Mumbai: India’s largest engineering and construction firm Larsen and Toubro Ltd (L&T) plans to generate 5,000MW of electricity by 2015 by investing around Rs30,000 crore, a top company official said.
In December, the firm won a contract to build and operate a 1,320MW coal-fired plant in Rajpura, Punjab, its first successful bid for power generation. The plant is scheduled for commissioning in January 2014.
“We have also signed an MoU (memorandum of understanding) with the Karnataka government for a 1,600MW coal-based project to be based in Chhattisgarh and are also planning another 1,600MW somewhere in Orissa,” A.K. Chhatwani, senior executive vice-president and a member of the corporate management committee, said on Monday.
Half of the power from the Chhattisgarh project—a Rs10,000 crore venture of L&T and Karnataka Power Corp. Ltd—will be sold in Karnataka at a regulated rate. The venture is hoping to sell up to 45% of the power at higher, unregulated rates in that state. The rest will be mandatorily sold to the Chhattisgarh government.
L&T’s stock on Monday rose 1.14% on the Bombay Stock Exchange to close at Rs1,602. The benchmark Sensex index rose 0.64% to 17,102.60 points.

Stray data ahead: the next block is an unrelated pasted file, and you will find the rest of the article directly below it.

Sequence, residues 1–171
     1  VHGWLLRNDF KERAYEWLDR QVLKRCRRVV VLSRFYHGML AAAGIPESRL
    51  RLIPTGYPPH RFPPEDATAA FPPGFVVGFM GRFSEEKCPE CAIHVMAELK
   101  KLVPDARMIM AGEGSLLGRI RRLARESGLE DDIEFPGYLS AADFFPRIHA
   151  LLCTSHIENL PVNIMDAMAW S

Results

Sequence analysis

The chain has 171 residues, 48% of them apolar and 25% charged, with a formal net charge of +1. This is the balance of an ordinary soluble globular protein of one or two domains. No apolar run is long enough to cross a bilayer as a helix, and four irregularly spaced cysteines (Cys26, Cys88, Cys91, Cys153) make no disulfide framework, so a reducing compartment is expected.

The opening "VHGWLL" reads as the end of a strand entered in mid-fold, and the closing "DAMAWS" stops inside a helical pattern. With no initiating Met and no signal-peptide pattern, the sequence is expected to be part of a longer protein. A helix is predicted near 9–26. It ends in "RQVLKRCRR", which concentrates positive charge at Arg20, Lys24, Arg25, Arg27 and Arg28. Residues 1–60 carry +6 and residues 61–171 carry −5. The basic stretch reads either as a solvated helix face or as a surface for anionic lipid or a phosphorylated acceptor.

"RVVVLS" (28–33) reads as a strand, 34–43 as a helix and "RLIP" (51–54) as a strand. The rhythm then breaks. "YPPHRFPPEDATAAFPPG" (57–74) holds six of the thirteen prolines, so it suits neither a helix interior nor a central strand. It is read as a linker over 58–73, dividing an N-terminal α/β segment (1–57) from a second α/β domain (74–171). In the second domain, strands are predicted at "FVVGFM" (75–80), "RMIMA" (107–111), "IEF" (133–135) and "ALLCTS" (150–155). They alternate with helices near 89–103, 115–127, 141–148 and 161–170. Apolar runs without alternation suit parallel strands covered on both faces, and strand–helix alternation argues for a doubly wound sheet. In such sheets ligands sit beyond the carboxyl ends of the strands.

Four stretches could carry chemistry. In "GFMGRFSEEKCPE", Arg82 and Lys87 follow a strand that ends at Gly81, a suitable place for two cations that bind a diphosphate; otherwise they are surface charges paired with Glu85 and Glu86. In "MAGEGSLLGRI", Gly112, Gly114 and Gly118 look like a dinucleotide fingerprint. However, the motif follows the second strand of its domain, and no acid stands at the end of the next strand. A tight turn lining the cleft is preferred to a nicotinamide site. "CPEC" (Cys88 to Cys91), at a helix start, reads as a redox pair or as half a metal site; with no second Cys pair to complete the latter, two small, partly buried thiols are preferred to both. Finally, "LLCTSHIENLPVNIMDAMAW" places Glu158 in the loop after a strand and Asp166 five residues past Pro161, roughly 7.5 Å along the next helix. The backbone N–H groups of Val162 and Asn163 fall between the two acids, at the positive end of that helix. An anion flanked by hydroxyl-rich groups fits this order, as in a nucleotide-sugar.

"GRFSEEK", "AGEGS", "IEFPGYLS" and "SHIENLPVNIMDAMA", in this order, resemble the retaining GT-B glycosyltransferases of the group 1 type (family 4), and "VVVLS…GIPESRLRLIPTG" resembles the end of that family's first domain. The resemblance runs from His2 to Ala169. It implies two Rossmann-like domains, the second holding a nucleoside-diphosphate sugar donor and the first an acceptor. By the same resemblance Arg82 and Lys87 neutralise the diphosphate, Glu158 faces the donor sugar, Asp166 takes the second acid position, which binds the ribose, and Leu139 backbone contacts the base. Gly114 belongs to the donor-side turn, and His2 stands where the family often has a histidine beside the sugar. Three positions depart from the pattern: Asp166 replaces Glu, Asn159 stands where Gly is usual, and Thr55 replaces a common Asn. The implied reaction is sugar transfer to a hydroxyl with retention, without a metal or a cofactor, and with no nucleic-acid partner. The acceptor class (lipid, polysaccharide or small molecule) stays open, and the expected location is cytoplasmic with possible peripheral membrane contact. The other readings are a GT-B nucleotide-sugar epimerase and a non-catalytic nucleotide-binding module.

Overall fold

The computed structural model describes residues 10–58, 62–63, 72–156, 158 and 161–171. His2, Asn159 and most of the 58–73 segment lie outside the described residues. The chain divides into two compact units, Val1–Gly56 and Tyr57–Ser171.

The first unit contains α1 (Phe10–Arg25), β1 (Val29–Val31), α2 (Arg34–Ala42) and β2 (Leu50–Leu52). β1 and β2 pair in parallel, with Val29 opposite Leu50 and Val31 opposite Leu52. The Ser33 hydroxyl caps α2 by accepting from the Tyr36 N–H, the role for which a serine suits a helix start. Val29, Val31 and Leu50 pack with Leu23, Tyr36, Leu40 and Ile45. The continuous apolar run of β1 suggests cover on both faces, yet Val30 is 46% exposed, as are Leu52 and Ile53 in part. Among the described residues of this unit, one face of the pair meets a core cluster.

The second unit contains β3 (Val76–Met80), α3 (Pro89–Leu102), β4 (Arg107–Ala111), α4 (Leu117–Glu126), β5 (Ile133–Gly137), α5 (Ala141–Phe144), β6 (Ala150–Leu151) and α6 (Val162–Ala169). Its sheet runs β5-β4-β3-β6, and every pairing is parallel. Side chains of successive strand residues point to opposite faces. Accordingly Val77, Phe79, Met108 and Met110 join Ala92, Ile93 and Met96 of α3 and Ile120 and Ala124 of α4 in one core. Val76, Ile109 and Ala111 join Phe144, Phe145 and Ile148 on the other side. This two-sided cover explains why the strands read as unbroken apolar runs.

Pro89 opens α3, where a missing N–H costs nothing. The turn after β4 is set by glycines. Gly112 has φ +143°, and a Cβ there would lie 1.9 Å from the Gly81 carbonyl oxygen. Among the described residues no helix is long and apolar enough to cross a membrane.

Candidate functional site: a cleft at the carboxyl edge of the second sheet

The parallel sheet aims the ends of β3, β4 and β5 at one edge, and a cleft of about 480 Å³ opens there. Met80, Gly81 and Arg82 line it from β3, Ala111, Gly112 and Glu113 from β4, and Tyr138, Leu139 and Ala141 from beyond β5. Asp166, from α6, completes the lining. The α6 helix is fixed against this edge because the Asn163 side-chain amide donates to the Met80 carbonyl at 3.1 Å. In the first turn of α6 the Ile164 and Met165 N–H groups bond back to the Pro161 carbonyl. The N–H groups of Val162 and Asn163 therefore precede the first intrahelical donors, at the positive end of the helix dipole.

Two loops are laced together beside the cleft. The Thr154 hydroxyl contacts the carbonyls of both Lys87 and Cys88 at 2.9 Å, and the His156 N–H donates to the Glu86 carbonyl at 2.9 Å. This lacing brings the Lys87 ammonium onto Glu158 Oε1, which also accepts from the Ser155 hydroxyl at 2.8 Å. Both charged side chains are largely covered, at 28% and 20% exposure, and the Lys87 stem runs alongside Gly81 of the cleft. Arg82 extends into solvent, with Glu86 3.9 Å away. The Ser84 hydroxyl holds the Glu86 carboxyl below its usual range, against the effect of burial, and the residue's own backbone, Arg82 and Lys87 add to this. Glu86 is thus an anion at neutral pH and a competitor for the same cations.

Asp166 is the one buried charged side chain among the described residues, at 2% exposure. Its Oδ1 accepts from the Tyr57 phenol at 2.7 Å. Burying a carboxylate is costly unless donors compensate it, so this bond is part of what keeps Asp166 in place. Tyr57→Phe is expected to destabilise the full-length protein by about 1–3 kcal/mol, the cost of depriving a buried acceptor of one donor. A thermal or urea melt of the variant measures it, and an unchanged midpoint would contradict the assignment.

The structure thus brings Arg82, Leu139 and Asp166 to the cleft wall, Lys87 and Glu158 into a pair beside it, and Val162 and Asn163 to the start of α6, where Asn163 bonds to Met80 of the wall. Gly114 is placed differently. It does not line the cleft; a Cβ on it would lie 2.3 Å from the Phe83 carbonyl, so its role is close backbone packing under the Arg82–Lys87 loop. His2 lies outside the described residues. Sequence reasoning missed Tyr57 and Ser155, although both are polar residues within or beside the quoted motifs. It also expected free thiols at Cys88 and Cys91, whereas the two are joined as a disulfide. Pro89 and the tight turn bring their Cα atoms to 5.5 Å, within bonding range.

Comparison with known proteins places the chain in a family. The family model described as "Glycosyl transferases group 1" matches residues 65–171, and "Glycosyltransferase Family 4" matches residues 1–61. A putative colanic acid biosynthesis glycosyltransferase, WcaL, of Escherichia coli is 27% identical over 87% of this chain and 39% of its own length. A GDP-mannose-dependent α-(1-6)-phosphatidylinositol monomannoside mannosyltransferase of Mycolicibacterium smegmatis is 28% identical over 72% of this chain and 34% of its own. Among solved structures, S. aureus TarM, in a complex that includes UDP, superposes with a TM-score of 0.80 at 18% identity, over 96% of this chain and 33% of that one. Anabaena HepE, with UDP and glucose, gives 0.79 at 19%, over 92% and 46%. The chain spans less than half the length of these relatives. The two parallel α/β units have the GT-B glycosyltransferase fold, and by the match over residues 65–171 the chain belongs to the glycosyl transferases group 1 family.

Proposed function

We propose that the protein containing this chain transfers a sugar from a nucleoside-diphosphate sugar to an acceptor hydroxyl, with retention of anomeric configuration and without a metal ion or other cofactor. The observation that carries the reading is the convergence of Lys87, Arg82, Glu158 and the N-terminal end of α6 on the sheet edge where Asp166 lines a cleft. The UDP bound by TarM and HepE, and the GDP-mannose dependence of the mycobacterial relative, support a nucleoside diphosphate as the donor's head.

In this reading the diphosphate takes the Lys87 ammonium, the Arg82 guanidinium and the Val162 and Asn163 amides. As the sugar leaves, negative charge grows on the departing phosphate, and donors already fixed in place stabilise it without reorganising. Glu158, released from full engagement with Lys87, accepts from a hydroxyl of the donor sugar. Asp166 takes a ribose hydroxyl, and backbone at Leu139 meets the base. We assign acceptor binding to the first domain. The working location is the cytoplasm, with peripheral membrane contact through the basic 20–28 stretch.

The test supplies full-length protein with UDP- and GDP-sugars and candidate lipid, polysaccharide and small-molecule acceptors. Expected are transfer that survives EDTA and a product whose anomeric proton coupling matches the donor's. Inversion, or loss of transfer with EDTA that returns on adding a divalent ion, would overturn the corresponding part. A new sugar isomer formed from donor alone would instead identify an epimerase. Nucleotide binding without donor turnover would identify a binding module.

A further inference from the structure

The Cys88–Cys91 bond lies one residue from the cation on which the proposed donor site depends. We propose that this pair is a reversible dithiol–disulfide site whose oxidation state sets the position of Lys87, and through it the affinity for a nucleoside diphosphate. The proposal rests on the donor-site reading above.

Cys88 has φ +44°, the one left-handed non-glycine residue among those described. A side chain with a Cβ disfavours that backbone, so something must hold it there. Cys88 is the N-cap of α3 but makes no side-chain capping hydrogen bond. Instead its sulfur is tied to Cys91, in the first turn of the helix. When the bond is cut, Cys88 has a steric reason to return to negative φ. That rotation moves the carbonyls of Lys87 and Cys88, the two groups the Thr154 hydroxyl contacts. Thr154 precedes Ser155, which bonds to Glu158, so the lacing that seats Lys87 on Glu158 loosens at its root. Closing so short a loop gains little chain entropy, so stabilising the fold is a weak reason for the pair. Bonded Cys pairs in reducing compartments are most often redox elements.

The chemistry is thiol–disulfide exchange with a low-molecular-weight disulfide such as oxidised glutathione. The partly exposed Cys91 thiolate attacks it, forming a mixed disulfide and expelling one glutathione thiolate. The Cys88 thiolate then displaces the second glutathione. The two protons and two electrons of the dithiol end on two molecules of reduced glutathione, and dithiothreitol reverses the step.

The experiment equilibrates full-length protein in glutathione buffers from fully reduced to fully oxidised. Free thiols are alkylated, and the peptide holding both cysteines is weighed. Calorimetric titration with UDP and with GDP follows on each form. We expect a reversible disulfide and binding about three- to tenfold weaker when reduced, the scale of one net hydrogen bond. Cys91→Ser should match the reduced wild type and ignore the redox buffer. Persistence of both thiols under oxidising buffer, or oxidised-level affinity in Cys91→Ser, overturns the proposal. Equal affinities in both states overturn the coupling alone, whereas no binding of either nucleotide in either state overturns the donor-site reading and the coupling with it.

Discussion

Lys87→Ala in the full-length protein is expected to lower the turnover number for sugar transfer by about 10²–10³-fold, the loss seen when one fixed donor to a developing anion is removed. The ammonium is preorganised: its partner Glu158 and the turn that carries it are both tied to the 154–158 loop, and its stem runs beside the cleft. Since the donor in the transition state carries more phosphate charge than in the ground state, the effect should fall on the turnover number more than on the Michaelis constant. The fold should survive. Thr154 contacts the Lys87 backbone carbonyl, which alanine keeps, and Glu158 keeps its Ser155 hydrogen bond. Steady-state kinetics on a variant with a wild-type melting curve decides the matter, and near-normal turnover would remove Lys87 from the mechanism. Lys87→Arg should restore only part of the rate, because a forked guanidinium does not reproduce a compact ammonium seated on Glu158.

In January 2008, L&T floated a subsidiary, L&T Power Development Co. Ltd, but failed to win bids for 4,000MW power projects at Sasan (Madhya Pradesh), Mundra (Gujarat) and Krishnapatnam (Andhra Pradesh).
Chhatwani said the company would continue to try and win contracts to build similar large power plants.
R. Shankar Raman, executive vice-president, finance, said L&T is trying to reach financial closure for another 5,000MW by 2015. At least 20% of this will be raised through equity, he said.
“Accessing equity markets will be an option and we remain optimistic that in the next five years participation from pension funds will improve,” he said, adding that the firm is “not keen on getting this debt on our books”.
The firm has $1 billion (around Rs4,500 crore) of long-term funding through global depository receipts issued in 2007 and by selling securities to institutional investors in November, Raman said.
An analyst, however, said that the firm would have to deal with issues related to land, water and fuel.
Power is going to become a high-risk and low-return business, cautioned Madan Gopal, equity analyst with Centrum Broking Pvt. Ltd.
“There are too many utilities in the power business today, and as generation improves in the next five years, returns will come down,” Gopal said, adding that an MoU with a state is not a guarantee because governments have been known to cancel contracts if they get cheap power elsewhere.